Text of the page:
After losing sister to cancer, Michigan man donates children's books to sick, underprivileged kids

Posted at 8:58 AM, Mar 15, 2022
and last updated 2022-03-15 10:02:23-04

(WXYZ) — David Benjamin has nothing but praise for his sister.

"My sister Michele was somebody who was loved by everyone. She was really gregarious, outgoing, funny, ambitious, kind hearted," he said.

So when she was diagnosed with a rare form of stomach cancer about nine months ago, it hit hard. "She she just bought a new house ... got a recent job promotion, was doing great in her career; they had all these kind of great plans that unfortunately, you know, didn't come to fruition," he said.

While she was recovering from surgery — David said her health started to take a turn for the worse.

"The cancer grew back very rapidly, and she just didn't have a chance," he said.

It was during that time that David had the urge to do something in her honor.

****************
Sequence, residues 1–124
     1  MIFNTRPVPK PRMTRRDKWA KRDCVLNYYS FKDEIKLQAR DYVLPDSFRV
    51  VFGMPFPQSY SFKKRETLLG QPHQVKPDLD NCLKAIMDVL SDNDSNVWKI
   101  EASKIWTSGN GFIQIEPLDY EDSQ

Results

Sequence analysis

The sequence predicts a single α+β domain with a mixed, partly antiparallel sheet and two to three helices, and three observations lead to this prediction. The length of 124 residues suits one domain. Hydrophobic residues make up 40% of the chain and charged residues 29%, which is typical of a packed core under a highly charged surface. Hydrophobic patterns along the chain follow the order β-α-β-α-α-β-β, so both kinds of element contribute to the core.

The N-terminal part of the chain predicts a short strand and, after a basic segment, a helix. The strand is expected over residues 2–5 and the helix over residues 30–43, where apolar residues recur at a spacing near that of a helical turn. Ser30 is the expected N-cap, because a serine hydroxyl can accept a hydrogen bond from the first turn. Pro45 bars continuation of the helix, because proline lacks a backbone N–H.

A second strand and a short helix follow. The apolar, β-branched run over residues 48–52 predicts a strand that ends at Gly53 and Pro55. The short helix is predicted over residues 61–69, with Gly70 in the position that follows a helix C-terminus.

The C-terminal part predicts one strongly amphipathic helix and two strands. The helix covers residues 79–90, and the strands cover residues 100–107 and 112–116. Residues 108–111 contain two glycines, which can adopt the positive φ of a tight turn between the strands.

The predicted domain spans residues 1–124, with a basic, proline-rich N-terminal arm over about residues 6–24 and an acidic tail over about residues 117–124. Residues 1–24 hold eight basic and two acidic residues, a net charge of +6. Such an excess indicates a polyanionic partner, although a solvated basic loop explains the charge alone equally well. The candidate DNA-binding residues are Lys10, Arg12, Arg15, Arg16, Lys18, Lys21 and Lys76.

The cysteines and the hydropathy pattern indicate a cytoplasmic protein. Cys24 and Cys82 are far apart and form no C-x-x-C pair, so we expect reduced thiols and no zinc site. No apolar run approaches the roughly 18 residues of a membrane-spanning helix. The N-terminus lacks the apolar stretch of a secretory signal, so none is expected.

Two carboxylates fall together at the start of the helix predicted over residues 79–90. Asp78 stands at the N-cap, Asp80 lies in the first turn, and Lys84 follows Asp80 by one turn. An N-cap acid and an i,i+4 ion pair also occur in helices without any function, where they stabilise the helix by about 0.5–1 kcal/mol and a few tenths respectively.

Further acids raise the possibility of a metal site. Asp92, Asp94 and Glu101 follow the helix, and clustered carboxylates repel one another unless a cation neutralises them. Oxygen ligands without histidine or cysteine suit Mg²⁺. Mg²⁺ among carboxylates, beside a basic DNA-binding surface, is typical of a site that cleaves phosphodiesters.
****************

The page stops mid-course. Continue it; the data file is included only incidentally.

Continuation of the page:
"I just knew there were so many people that cared about my sister that would be happy to donate money, so that I could buy a bunch of ... books to donate to children's hospitals and schools and non-profits for kids that were sick or underprivileged," he said.

Before Michele passed at 53 years old, David had the chance to tell her his plan.

"I shared this idea with her, made her very happy. And that's kind of what led to this," he said.

Connected with local author Jason Ryan, David reached out with his idea.

"'Whatever you need, let me know. Let's let's do it. How can I help?' was my first reaction," said Jason Ryan.

David has already raised enough money to buy about 200 children's books from Jason.

"It's got a 13 word title, which is The Capture of Lanny the Leprechaun from Limerick and the Fantastical Food Fight that Followed," said Jason.

David said he’s made the book donations to places like the Bottomless Toy Chest, Kids Kicking Cancer and a few elementary school libraries — with plans for more giveaways.

"When you're dealing with a loved one who's not feeling great, you're only thinking about them, and what can you do to make them happy, you know, in less pain? And so this was just one small little thing that ... I could do. And you know, I'm really proud to be able to do it," he said.

David said he’s keeping the fundraising to his inner circles, saying it’s just his way to help kids who are sick or underpriveledged, giving them something that will hopefully bring them joy — all in honor of a sister he misses very much.